I want to pick the perfect invitation for my wedding but I don't know the difference between offset, thermography, letterpress or engraved. Can you please explain the differences in the methods using for printing wedding invitations? TIA!
Soon to be Mrs. B
Dear Soon to be Mrs. B.:
Oh this is a great question! There are a few different methods of printing your wedding invitation that we'd love to explain to you. In general,here are the parameters for the printing methods:
Inexpensive to Expensive
Flat vs. Raised vs. Indented
Smooth vs. Textured
Matte vs. Shiny
Let's go through each method one by one:
Digital is a great method if you want something inexpensive, flat printing and/or want to use a photograph for your invitations. It's also a quick method so if you're a procrastinator, this is a good method to consider!
Summary on Digital Printing: Inexpensive | Flat | Matte} Quick
Have you been dreaming of using a metallic ink for your wedding invitation? White ink on black paper? Or are you a stickler for the color to be a perfect Pantone Color? Then Offset is for you!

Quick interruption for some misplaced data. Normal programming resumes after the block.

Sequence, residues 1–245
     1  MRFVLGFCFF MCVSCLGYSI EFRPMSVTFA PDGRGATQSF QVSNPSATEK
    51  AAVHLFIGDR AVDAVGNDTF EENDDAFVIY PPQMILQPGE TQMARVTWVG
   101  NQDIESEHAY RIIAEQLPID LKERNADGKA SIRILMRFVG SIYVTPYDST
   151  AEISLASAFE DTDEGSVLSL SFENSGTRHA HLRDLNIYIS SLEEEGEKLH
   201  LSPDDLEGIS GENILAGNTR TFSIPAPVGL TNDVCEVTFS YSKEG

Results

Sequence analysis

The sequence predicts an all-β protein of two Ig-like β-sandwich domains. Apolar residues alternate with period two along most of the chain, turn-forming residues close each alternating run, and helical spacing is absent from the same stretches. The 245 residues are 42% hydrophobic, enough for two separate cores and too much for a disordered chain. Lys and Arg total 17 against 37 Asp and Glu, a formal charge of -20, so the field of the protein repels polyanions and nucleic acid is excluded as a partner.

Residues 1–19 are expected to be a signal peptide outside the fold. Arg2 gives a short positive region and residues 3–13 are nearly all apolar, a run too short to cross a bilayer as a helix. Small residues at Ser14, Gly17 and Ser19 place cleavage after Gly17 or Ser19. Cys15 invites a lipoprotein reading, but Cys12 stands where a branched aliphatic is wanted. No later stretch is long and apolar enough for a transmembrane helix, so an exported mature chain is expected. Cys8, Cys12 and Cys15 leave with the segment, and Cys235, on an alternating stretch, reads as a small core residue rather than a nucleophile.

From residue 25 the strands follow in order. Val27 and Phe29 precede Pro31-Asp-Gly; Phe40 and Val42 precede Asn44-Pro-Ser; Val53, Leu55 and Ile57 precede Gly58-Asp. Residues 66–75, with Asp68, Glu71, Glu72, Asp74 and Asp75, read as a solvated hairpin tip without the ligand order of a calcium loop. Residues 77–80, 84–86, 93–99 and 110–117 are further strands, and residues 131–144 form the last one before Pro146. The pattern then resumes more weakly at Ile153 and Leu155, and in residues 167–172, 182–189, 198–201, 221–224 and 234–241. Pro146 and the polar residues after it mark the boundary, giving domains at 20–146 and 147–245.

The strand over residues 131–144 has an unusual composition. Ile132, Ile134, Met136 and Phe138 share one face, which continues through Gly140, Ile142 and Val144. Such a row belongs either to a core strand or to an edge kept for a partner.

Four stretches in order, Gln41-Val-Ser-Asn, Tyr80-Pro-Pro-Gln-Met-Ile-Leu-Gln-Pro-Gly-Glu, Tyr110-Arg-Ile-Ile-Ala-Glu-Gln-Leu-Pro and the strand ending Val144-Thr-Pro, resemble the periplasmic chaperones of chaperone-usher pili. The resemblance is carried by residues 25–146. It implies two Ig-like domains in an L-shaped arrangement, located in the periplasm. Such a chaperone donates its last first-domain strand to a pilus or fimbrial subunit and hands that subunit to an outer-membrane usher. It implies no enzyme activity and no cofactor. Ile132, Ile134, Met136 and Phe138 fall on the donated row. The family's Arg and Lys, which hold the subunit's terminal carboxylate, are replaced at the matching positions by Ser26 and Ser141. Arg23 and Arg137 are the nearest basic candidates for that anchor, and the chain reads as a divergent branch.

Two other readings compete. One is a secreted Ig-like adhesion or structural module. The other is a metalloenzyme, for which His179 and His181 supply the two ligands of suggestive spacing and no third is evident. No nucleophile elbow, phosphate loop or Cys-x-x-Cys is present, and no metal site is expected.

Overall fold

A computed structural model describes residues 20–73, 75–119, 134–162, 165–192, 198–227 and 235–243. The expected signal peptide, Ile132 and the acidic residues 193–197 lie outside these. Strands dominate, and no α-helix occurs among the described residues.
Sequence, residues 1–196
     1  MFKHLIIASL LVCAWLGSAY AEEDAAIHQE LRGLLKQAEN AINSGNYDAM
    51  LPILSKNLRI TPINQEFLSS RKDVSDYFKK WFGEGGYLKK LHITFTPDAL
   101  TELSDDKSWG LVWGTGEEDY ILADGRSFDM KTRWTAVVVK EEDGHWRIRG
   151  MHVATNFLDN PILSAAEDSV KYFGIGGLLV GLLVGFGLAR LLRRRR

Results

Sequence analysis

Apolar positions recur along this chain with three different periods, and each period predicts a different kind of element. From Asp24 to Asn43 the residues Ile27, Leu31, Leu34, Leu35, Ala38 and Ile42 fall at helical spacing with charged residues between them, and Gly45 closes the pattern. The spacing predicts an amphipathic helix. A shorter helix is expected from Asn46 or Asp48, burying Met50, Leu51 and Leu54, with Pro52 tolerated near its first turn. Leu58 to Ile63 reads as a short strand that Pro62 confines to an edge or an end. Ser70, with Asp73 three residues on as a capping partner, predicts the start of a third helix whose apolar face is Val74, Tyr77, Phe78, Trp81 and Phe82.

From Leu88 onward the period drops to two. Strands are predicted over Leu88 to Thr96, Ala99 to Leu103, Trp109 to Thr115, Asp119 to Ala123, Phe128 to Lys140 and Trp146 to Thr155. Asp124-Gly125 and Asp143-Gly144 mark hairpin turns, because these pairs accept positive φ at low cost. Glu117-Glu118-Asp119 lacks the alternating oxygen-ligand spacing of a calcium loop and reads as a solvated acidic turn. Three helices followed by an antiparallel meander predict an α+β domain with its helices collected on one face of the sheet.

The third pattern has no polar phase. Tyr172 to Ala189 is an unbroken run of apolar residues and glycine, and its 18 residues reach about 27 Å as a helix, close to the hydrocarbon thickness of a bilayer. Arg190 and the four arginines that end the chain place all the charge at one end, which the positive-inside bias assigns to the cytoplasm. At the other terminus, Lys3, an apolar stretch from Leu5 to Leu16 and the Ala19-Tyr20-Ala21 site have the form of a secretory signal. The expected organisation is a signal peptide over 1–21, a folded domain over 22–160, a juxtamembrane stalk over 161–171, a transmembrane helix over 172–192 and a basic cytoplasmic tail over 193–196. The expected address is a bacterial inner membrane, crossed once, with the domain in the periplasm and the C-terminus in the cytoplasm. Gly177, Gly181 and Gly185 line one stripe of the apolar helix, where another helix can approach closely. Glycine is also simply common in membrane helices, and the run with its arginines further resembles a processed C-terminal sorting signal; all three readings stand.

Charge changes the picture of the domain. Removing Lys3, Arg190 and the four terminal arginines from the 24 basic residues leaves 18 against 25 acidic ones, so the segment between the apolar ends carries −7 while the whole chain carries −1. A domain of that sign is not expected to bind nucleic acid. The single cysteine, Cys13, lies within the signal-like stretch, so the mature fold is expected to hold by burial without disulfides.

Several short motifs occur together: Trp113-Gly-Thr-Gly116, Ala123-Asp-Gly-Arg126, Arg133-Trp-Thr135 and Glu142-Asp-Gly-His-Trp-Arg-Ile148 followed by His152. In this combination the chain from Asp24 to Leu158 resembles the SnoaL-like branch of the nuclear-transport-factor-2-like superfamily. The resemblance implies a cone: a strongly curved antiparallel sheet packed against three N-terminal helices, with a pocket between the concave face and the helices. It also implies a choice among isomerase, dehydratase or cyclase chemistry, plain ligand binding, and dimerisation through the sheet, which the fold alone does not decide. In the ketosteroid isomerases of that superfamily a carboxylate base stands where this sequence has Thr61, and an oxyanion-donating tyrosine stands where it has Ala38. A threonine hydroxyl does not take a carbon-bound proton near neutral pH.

You can also do raised Offset printing, also known as thermography.
It does take a little more time for this method because there is ink, rollers and drying time. It also is a little more expensive than digital printing.
Summary on Offset Printing: Inexpensive + | Flat | Matte | Not so quick
Summary on Thermography Printing: Relatively Inexpensive | Raised | Shiny | Not so quick
Letterpress is one of the oldest methods of printing and your type or image is depressed or indented into the paper. Using thick cotton (soft) paper yields a better indent or depression than a thin and crisp paper.
"Back in the day" letterpress plates were made in metal. These days there are companies that create letterpress plates out of Polymer. That means they are less expensive to make or cast than metal. But, letterpress is a pricey option. First of all, it just takes time! Many parts of letterpress printing are done by hand and as a result, the labor involved is quite lengthy. But with the right paper and plates and letterpress artist, you can have some really beautiful invitations. You can also do white or metallic inks with Letterpress.
Summary on Letterpress Printing: Expensive | Indented | Matte | Takes time!
This is the grand-daddy of all the printing methods. The text and images are raised above the surface of the paper and give you the most crisp resolution of all the methods. US Currency is printed using this process. Plates are made for engraving out of metal and similar to letterpress, there is a lot of skill involved AND time in this method. Don't use this method if you want to do a photograph or if you want to use screens. They won't look right using this method.
Summary on Engraved Printing: EXPENSIVE | Raised | Matte | takes a LOT of time
We hope this little tutorial helped de-mystify the diferent methods of printing for you! Have a great weekend!